Sure, the HP is a big user whenever it's running and the electric resistance heaters are even worse. There are ways to improve on that use but you've already spent the cheap way out and now you're getting that for which you paid. A good, competent (very difficult to find) company would have done a load analysis of your house before specifying a new HP. Then there would have been options offered for different efficiency products. Of course, the cost would have been much more than I'm sure you paid but in the end, you asked for it. Energy efficiency costs.
    Just curious, did you read my whole post? The HP was toast. I had one that was 15-20 years old and the compressor was dead. My guy said it would have been like putting a new engine in a rusted out pinto. Why would I do that?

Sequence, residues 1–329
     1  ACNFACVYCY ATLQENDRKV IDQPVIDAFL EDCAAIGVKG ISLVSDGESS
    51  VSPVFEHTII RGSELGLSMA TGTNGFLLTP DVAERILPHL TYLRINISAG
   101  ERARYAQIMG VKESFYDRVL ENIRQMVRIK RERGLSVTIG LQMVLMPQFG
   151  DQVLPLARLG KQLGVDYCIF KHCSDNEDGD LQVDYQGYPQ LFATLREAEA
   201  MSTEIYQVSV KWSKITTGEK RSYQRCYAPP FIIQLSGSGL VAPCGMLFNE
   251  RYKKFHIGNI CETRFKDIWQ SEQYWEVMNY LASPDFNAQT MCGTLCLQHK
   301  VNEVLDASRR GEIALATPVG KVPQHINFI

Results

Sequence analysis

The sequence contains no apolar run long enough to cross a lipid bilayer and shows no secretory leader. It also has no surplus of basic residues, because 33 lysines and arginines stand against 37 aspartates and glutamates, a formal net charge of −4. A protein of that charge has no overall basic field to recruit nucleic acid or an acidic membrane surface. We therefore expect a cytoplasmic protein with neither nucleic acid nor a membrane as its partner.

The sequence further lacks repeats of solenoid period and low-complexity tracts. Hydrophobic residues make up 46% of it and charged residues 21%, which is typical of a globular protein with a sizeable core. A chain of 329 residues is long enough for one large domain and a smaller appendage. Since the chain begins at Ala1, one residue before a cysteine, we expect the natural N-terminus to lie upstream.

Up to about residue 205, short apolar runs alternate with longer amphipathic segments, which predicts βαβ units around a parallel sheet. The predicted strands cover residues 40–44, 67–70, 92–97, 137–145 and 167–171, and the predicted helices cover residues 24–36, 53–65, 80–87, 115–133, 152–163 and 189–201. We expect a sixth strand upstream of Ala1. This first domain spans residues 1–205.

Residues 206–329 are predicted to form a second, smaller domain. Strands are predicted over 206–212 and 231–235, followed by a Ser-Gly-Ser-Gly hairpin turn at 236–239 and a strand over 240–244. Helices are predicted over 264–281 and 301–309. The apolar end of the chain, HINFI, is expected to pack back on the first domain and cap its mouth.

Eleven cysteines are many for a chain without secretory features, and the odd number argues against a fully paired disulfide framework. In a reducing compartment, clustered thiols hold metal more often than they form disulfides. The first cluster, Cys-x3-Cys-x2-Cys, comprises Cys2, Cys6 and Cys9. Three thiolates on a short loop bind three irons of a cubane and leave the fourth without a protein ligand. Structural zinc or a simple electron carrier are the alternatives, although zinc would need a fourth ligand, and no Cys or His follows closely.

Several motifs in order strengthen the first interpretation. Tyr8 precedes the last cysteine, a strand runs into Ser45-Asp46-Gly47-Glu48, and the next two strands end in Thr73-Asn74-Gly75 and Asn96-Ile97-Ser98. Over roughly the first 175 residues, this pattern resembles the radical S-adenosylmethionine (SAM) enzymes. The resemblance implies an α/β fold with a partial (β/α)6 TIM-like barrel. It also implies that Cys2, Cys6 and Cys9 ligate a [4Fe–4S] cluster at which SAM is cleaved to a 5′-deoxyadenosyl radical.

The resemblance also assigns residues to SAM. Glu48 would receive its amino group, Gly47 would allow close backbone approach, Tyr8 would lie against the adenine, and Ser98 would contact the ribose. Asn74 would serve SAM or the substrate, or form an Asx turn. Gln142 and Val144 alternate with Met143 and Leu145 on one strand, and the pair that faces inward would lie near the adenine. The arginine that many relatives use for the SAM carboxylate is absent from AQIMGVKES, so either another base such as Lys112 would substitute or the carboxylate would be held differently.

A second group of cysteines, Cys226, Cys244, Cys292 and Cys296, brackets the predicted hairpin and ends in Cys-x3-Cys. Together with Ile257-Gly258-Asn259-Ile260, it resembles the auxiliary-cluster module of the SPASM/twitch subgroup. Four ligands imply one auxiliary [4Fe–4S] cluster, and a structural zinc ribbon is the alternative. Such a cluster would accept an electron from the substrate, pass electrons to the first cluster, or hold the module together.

So your only alternative at this point is to tighten up the house. Find all the leaks and seal them. Use foam, silicon sealer, plastic sheeting and other things. If you've got an attic access panel, use that access to get you into the attic, pull back the insulation in each bay and seal any leaks you can find (holes for pipes or electrical wires, recessed lights but be careful about those that can be in contact with insulation and those that cannot, voids where house angles occur, etc.) Once you've got all the attic leaks sealed, then insulate the daylights out of the attic. (Don't forget to seal the attic access panel too! If it's a pull-down, you can purchase a styro-foam cover at the big box store). Then when all that's done, start on the crawlspace or basement if you've got one. If you've got 2nd floor bedroom/bathroom windows, consider blocking them off in winter with insulation sheets, if you're not up there all day. And if you do all these things and pay attention to what's running and what isn't, you might get that bill down $100/month. But I'd guess the days of running a home with a HP for $10/month are probably behind you.